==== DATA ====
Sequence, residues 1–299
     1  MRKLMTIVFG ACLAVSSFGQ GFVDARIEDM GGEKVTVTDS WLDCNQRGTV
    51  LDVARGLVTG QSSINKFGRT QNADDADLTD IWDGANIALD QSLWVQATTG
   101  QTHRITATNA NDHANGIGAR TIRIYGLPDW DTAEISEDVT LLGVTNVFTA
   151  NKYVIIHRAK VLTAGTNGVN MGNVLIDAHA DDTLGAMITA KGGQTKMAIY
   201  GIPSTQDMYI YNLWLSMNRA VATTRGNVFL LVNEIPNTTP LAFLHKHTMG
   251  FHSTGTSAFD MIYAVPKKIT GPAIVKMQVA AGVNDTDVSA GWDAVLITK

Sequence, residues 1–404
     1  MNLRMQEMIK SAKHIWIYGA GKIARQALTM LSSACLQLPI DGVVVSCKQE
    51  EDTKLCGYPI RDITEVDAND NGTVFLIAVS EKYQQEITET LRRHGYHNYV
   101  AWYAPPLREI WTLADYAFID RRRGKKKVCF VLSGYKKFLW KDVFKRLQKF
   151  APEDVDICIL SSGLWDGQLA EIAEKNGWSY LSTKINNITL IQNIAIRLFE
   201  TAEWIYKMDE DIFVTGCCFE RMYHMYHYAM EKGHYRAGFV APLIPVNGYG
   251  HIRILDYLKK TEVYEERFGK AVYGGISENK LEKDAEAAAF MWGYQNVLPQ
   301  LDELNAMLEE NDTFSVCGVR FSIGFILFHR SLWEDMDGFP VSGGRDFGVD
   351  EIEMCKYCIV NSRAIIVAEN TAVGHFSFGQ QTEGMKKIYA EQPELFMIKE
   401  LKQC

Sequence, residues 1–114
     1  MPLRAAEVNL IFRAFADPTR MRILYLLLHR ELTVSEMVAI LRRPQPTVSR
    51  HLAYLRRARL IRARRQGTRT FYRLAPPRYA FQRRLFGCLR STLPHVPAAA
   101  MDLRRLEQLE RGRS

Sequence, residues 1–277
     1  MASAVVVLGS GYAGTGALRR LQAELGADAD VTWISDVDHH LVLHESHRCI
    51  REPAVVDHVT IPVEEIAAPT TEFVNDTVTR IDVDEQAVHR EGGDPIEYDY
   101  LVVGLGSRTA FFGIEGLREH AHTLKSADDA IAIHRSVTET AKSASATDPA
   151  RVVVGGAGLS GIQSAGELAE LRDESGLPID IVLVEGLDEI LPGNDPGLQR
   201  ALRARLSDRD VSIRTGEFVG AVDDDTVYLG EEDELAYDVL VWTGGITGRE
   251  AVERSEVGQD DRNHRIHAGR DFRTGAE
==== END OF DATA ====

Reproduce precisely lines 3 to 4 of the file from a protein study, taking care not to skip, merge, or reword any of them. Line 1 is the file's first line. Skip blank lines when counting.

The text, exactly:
    51  LDVARGLVTG QSSINKFGRT QNADDADLTD IWDGANIALD QSLWVQATTG
   101  QTHRITATNA NDHANGIGAR TIRIYGLPDW DTAEISEDVT LLGVTNVFTA